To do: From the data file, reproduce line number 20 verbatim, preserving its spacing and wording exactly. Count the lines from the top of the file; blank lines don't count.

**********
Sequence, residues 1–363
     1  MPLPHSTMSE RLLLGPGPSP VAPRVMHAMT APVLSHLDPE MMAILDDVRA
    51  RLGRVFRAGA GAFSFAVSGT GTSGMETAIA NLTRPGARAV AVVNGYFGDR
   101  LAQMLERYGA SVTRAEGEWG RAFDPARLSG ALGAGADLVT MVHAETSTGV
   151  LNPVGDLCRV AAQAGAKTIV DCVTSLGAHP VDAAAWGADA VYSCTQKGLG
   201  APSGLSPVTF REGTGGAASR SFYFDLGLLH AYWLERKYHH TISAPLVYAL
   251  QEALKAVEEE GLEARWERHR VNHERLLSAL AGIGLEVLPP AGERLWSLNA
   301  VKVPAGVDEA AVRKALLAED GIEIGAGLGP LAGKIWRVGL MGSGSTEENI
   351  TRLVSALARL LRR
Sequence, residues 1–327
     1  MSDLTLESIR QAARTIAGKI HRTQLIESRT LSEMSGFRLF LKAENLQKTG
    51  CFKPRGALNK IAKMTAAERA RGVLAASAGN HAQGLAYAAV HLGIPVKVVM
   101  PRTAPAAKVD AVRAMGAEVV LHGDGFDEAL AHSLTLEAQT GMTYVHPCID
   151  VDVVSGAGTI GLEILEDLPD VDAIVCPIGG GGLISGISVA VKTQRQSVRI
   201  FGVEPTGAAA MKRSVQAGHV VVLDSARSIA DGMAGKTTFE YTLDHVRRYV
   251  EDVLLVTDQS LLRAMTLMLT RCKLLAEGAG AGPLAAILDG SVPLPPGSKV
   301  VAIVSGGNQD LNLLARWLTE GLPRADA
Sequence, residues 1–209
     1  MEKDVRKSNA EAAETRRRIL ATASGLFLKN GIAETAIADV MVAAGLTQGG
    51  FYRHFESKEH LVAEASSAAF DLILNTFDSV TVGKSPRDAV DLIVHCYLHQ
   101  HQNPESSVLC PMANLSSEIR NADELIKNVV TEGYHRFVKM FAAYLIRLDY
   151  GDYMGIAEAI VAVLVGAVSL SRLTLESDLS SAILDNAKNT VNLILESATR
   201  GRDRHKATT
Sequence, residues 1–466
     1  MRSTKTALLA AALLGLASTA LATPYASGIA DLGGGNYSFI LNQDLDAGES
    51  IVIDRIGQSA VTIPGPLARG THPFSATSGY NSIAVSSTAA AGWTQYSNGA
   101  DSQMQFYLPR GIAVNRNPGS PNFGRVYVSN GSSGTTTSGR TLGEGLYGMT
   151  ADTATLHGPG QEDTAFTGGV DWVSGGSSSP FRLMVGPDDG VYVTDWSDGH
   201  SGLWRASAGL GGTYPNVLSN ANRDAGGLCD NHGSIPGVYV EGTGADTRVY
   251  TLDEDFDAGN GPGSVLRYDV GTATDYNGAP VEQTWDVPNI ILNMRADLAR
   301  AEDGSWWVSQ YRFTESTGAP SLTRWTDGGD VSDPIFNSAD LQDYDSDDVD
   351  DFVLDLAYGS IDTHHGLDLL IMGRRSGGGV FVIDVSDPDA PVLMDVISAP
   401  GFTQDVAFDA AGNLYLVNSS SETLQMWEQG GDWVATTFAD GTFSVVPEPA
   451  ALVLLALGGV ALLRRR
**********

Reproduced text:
    51  FYRHFESKEH LVAEASSAAF DLILNTFDSV TVGKSPRDAV DLIVHCYLHQ